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Saturday, July 28, 2012

Sidetracked at the end of Wisconsin

Scenic view?  What scenic view, there's graves in that thar State Park.  This whole preoccupation of mine with the dead is my grandmother's fault.  There's no two ways about it.  Every visit to grandma Lu's involved visits to cemeteries to say howdy to the ancestors. So is it any wonder that I love Ancestry.com or Findagrave?  No, and not surprisingly, while at the most geographically isolated (at least to me) part of Wisconsin--Rock Island--I couldn't help but be drawn into the graveyard in the middle of our campground.  Three stones remain on what was once thought to be an indian burial ground.  But the Indians always did know where the best burial places were, that's why we use them too.  Anyway, the three graves that can still be noted are John A. Boon, his young son Francis Wm. Boon and the inventor Chester H. Thordarson.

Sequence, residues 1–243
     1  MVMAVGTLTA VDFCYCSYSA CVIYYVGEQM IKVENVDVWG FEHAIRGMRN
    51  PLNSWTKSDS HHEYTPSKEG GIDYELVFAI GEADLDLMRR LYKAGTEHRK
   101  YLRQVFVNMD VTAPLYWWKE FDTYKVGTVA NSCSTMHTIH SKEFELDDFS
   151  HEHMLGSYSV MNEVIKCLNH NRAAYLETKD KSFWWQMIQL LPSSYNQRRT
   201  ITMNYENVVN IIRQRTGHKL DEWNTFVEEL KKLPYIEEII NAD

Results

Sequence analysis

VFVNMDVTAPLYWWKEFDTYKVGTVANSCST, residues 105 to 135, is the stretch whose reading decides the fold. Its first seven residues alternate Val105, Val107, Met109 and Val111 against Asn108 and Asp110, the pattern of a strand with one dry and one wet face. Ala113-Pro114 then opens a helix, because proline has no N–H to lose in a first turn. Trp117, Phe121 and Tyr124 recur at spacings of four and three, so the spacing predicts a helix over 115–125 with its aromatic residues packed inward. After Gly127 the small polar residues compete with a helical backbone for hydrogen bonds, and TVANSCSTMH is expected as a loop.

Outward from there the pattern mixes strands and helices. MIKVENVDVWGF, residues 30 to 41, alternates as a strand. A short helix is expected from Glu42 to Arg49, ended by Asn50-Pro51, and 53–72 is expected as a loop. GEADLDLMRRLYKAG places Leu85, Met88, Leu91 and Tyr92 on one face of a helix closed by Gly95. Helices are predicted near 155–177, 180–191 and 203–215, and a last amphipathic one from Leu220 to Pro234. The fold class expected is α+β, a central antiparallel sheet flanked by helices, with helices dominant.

While Chester Thordarson was an uber-cool inventor with many patents and awards to his name, most importantly for creating the first million-volt transformer, who actually owned Rock Island for decades, I was excited to learn a little something of John A. Boon.  Boon seemed to own part of the island first and when I say "owned" we know what we're talking about--not the first to live there just the first to put a value on location, location, location and get a deed on it.  John and a friend, Neil McMillan, I believe bought 22 acres of the island through the land offices of Green Bay.  John was a fisherman.  In truth, I don't know how to read the actual location but if it is not on Rock Island, it is most likely on Washington Island where both were important founding family names.  Look at this awesome document:  President Polk sells off a piece of Wisconsin to John and Neil in 1846.

There is another cemetery on the island but I did not get a chance to visit it this time.  What I did learn is its circumstance is a little more tragic in that they are mostly graves of unknown victims of shipwrecks. 








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